Sayonara, for now.
Stephen Kellert’s Typology, from Kellert 1993.
Naturalistic: Primary focus on an interest and affection for wildlife and the outdoors.
Ecologistic: Primary concern for the environment as a system, for interrelationships between wildlife species and natural habitats.
Humanistic: Primary interest and strong affection for individual animals such as pets or large wild animals with strong anthropomorphic associations.
Moralistic: Primary concern for the right and wrong treatment of animals, with strong opposition to presumed overexploitation and/or cruelty towards animals.
Scientistic: Primary interest in the physical attributes and biological functioning of animals.
Aesthetic: Primary interest in the physical attractiveness and symbolic appeal of animals.
Utilitarian: Primary interest in the practical value of animals, or in the subordination of animals for the practical benefit of people.
Dominionistic: Primary interest in the mastery and control of animals.
Negativistic: Primary orientation on avoidance of animals due to indifference, dislike, or fear.
Kellert, Stephen R. 1993. Attitudes, knowledge, and behavior toward wildlife among the industrial superpowers: United States, Japan, and Germany. Journal of Social Issues, 49(1): 53-69.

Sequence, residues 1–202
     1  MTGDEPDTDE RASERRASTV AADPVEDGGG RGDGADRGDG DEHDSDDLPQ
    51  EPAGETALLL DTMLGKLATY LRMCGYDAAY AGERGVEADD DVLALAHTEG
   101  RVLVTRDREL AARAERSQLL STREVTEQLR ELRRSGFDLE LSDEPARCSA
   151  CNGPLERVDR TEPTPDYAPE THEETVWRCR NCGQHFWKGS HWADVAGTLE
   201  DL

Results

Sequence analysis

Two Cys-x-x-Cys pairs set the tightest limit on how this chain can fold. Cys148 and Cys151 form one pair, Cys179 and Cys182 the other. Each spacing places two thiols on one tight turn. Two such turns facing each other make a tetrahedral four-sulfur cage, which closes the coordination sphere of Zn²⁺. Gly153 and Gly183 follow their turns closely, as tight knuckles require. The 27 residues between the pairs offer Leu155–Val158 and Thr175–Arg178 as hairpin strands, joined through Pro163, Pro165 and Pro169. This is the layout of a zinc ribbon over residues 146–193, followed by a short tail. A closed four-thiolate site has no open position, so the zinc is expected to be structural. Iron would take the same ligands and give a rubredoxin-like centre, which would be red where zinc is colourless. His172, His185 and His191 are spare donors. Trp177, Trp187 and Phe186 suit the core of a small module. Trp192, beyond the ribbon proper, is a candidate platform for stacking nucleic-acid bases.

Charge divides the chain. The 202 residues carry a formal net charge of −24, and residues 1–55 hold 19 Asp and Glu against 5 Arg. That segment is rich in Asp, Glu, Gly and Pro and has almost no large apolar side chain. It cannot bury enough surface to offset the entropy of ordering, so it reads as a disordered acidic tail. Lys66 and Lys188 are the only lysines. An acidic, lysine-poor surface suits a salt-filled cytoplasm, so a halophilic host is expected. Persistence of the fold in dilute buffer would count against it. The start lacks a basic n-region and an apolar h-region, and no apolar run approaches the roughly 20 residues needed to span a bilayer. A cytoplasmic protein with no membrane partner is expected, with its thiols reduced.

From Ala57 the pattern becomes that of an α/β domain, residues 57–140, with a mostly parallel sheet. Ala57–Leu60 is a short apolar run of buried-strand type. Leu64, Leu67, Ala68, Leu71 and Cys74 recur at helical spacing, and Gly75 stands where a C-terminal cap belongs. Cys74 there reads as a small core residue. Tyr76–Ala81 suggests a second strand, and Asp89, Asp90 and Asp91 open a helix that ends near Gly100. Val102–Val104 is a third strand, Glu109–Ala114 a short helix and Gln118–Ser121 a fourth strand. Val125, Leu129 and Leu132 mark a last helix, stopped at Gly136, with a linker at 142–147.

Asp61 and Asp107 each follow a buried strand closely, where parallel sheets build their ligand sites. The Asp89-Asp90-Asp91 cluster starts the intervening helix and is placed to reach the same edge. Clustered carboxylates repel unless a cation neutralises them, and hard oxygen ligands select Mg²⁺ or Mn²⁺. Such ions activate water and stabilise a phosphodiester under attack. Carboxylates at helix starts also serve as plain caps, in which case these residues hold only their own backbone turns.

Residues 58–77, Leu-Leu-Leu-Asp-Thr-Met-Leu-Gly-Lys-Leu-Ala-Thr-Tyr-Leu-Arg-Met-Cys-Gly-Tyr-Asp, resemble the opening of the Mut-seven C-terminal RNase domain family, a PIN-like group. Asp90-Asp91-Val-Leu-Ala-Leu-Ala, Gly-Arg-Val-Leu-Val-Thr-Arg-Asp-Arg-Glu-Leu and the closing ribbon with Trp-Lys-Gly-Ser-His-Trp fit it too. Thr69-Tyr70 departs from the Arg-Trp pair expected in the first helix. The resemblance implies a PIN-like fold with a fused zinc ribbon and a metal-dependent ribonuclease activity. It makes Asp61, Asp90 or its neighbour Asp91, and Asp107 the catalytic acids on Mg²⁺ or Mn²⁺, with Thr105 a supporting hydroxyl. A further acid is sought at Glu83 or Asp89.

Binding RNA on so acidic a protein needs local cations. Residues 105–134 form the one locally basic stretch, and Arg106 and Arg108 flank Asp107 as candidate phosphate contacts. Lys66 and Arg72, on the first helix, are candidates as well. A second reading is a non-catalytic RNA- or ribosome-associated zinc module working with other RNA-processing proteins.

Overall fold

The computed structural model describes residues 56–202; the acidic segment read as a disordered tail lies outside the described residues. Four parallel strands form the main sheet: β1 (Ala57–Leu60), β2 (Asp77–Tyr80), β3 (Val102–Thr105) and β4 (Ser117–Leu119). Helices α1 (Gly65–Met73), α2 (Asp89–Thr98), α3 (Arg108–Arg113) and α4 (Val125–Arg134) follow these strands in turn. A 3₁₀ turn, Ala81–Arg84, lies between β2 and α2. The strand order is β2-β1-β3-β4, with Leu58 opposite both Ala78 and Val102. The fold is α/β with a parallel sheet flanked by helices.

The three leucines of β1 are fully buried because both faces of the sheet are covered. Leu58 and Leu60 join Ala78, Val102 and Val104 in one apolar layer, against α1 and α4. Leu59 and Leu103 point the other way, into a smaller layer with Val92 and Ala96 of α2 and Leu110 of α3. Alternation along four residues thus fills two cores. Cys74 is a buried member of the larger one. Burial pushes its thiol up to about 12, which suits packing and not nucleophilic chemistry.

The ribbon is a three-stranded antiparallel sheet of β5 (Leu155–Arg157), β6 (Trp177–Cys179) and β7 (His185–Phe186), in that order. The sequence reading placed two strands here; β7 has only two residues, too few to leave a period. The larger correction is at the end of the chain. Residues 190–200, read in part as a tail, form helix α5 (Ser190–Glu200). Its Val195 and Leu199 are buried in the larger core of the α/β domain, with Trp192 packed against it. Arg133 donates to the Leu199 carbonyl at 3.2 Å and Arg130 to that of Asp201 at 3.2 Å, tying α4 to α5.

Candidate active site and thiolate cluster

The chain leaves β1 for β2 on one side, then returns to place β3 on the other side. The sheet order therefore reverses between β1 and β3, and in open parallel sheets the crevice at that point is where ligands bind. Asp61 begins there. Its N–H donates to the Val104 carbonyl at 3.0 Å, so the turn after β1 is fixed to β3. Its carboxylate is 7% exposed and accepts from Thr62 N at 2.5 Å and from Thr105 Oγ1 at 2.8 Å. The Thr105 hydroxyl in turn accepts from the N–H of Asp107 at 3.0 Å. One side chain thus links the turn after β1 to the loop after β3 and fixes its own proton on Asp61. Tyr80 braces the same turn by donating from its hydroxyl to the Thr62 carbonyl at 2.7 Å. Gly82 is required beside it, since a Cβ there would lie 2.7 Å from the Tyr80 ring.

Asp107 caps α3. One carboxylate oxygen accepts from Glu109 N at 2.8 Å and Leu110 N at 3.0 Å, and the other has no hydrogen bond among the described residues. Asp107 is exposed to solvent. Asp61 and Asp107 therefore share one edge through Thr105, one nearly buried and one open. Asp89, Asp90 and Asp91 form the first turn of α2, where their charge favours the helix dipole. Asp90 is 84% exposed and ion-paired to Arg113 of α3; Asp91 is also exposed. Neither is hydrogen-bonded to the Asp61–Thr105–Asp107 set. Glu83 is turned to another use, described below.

Spring has finally sprung in DC! After unseasonably cold weather followed by a brief record-breaking heat wave, we’ve finally settled back into spring weather. With the heat came much-delayed flowers, including our famous cherry blossoms. There are flowering trees all over DC, but the ones around the Tidal Basin hold a special place in our collective heart. First, the landscape is just magnificent — oodles of trees crowned with fluffy pink flowers, nestled in and around some of our country’s most famous sites. Second, the trees were a gift to us from Japan, which has a long and lovely history of springtime cherry blossom festivities itself. Back in 1912, the mayor of Tokyo, Yukio Ozaki, gave a gift of cherry trees to Washington DC.